Sudan obtained its independence from Britain and Egypt in 1956. Unfortunately, since that time Sudan has experienced a series of civil wars, revolutions, ethnic cleansings, genocides, droughts, famines, and wars with surrounding African countries. As a result, many Sudanese Arabs have left their homeland in search of a better life. Some Sudanese left Sudan and were able to come to the USA. Starting in the eighth century over a period of one thousand years, the inhabitants of northern and central Sudan gradually became Muslims. This Arabization of the population took place by military conquest and trade. The various ethno-linguistic groups of Sudan adopted Arabic as their first language and converted to Islam. Their descendants make up the Sudanese Arabs of today. To escape the violence and economic disruptions in their land some Sudanese Arabs moved to the West. The New Testament, JESUS Film, and radio programs are available in Sudanese Arabic. Sudanese Arabs in the USA speak Sudanese Arabic at home and English at school and on the job.
Starting in the 1980s, Sudanese Arabs began coming to the USA. They put their children in school where they began to learn English. Men and women needed jobs to support their families. At first the Sudanese Arabs would task any job available such as in restaurants, factories, and as security guards or taxi drivers. As the Sudanese became better educated, they are able to get higher paying jobs and send money home to their relatives still in Sudan or in refugee camps in neighboring African nations. Most Sudanese have come to American cities such as Portland, ME and Omaha, NE. Now there are Sudanese Arab communities in NYC, Los Angeles, Detroit, and San Diego. Recently arrived Sudanese need help in finding places to live, learning English, getting jobs, and enrolling their children in schools. Some churches have sponsored refugees from Sudan.
In Sudan many live in extended families with three generations living under one roof. In the USA most Sudanese live in nuclear families with their relatives and friends living nearby. As children learn English, they gain the opportunity to attend university and earn professional degrees.
In Sudan a man may have up to four wives. In the USA, monogamy (marriage to one spouse) is the law. As Sudanese families in the USA get established, they try to bring their relatives and friends to the USA.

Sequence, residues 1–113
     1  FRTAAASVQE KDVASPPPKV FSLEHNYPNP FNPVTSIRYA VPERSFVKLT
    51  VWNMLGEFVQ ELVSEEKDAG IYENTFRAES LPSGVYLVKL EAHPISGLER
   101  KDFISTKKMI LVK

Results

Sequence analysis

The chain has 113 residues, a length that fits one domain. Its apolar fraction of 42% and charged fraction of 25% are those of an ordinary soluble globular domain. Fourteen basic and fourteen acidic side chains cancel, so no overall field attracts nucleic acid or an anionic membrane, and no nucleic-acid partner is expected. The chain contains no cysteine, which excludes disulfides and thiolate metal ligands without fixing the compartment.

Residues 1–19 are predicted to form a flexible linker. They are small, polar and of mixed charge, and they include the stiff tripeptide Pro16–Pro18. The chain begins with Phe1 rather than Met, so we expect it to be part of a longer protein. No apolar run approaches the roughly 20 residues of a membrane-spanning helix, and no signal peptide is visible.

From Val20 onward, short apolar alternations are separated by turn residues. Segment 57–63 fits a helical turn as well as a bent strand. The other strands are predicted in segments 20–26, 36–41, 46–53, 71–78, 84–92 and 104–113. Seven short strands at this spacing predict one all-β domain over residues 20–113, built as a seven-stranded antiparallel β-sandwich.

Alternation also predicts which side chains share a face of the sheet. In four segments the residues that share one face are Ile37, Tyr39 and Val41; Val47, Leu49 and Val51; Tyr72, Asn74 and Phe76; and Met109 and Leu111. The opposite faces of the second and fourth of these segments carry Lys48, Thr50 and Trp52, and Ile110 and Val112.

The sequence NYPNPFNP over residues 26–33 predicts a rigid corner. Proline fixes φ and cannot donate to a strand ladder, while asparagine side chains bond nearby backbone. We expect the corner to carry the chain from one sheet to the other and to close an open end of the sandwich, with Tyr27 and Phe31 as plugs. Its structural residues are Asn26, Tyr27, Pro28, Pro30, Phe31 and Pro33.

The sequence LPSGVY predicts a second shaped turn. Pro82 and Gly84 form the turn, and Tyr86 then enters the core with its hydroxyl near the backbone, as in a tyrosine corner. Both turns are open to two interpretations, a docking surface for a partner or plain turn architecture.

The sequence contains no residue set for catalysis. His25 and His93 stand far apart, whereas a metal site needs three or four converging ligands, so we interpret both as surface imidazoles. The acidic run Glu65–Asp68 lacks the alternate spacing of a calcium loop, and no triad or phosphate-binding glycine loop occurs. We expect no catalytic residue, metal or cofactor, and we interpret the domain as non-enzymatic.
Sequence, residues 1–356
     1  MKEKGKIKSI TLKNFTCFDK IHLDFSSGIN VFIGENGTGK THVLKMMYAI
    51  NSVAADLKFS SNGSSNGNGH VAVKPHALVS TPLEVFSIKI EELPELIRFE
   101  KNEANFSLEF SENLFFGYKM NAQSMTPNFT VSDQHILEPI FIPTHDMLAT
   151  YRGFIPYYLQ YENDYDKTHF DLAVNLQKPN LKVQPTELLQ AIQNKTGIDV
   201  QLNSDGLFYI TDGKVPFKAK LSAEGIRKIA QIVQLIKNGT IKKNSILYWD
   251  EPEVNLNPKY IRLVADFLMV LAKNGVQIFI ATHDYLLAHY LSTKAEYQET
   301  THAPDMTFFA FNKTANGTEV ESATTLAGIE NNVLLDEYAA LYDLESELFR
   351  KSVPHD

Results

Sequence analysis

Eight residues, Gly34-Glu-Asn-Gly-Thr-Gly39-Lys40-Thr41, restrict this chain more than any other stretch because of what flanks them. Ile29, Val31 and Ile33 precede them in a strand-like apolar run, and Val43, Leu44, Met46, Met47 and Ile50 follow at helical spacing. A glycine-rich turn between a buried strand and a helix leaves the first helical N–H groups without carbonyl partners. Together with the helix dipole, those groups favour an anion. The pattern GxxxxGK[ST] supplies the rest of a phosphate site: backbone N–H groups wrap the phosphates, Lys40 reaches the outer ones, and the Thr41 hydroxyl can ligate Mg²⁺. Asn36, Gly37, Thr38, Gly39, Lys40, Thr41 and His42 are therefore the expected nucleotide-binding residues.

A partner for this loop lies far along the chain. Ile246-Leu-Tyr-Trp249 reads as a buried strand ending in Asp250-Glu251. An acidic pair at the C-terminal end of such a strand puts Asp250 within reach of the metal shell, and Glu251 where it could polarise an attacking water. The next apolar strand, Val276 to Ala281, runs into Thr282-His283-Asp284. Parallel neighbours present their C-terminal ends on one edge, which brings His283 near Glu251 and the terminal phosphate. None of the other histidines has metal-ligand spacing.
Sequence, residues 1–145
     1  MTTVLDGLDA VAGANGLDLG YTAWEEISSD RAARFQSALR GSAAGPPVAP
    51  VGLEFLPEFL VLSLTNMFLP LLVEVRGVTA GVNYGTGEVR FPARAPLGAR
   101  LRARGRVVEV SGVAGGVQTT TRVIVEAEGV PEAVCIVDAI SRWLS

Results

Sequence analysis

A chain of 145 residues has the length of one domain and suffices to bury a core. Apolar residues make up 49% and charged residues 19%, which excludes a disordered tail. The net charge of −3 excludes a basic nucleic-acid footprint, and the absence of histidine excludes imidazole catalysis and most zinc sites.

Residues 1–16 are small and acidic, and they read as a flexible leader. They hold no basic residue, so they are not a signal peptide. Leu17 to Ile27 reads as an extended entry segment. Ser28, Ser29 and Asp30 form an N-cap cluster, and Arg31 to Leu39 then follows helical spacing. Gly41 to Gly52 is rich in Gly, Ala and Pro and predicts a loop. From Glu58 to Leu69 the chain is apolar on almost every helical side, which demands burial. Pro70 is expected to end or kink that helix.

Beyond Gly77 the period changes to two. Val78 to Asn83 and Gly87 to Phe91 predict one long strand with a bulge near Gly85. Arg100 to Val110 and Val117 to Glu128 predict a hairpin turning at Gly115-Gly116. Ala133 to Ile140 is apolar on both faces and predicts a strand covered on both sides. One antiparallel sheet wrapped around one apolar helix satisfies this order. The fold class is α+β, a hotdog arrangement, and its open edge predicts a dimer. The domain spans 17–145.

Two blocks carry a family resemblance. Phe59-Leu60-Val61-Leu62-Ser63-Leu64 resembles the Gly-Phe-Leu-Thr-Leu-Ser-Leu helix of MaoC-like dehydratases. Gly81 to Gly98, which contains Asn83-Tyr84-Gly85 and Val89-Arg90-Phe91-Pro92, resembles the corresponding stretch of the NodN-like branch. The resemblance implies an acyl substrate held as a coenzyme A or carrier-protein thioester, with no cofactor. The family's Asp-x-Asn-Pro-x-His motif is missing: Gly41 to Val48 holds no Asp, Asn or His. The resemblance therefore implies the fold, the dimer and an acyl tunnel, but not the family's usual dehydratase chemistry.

Most Sudanese Arabs are Sunni, the largest branch of Islam. Sunnis try to obey the teachings of the Koran and the prophet Muhammad. Sunnis believe that by following the Five Pillars of Islam that they will attain heaven when they die. However, Allah, the supreme God of the universe, determines who enters paradise. Sunnis pray five times a day facing Mecca. They fast the month of Ramadan. They attend mosque services on Friday. If a Muslim has the means, he or she will make a pilgrimage to Mecca once in his or her lifetime. Muslims are also prohibited from drinking alcohol, eating pork, gambling, stealing, using deceit, slandering, and making idols.
The two main holidays for Sunni Muslims are Eid al Fitr, the breaking of the monthly fast and Eid al Adha, the celebration of Abraham's willingness to sacrifice his son to Allah. In the USA, the Sudanese are able to enjoy religious freedom. A tiny fraction of Sudanese Arabs living in the USA has become Christian. Muslims are generally more open to the claims of Christ living in the USA than they would be living in their Muslim nation.
Sudanese refugees need places to live and help learning English. Their children must be enrolled in school. Most Sudanese must learn new job skills to get employment in American cities. Most Sudanese have never heard a clear presentation of the gospel. Churches that help Sudanese with their physical needs will gain an entrance for sharing the good news.
Pray that Sudanese Arab parents will be able to provide for the needs of their children. Ask the Lord to move American churches to sponsor Sudanese refugees. Pray the Holy Spirit will soften the spiritual hearts of Sudanese Americans. Ask the Lord to bring a spiritual harvest from the Sudanese Americans and the believers would be incorporated into evangelical churches. Pray for a powerful movement to Christ among the Sudanese Arabs in the US.
Scripture Prayers for the Arab, Sudanese in United States.
|Profile Source: Joshua Project|
|People Name General||Arab, Sudanese|
|People Name in Country||Arab, Sudanese|
|Natural Name||Sudanese Arab|
|Population this Country||1,300|
|Population all Countries||18,303,000|
|Progress Scale||1 ●|
|Frontier People Group||No|
|GSEC||1 (per PeopleGroups.org)|
|Pioneer Workers Needed||1|
|Alternate Names||Arabic, Sudanese Spoken; Sudanese; Sudanese Arab|
|Region||America, North and Caribbean|
|National Bible Society||Website|
|Persecution Rank||Not ranked|
|Primary Language||Arabic, Sudanese Spoken (1,300 speakers)|
|Language Code||apd Ethnologue Listing|
|Language Written||Yes ScriptSource Listing|
Primary Language: Arabic, Sudanese Spoken
|Bible Translation ▲||Status (Years)|
|Bible-New Testament||Yes (1978-2005)|
|Possible Print Bibles|
|Forum Bible Agencies|
|National Bible Societies|
|World Bible Finder|
|Resource Type ▲||Resource Name|
|Audio Recordings||Arabic Bible Online|
|Audio Recordings||Audio Bible teaching|
|Audio Recordings||Online New Testament|
|Film / Video||Indigitube.tv Video / Animation|
|Film / Video||Jesus Film: view in Arabic, Sudanese Spoken|
|Film / Video||LUMO film of Gospels|
|Film / Video||Story of Jesus for Children|
|Film / Video||The Prophets' Story|
|General||Gospel resources links|
|Mobile App||Download audio Bible app as APK file|
|Mobile App||Download audio Bible app from Google Play Store|
|Text / Printed Matter||Tools for faith conversations|
|Major Religion ▲||Percent|
|Christianity (Evangelical 0.80 %)||
|Other / Small||
|Christian Segments ▲||Percent|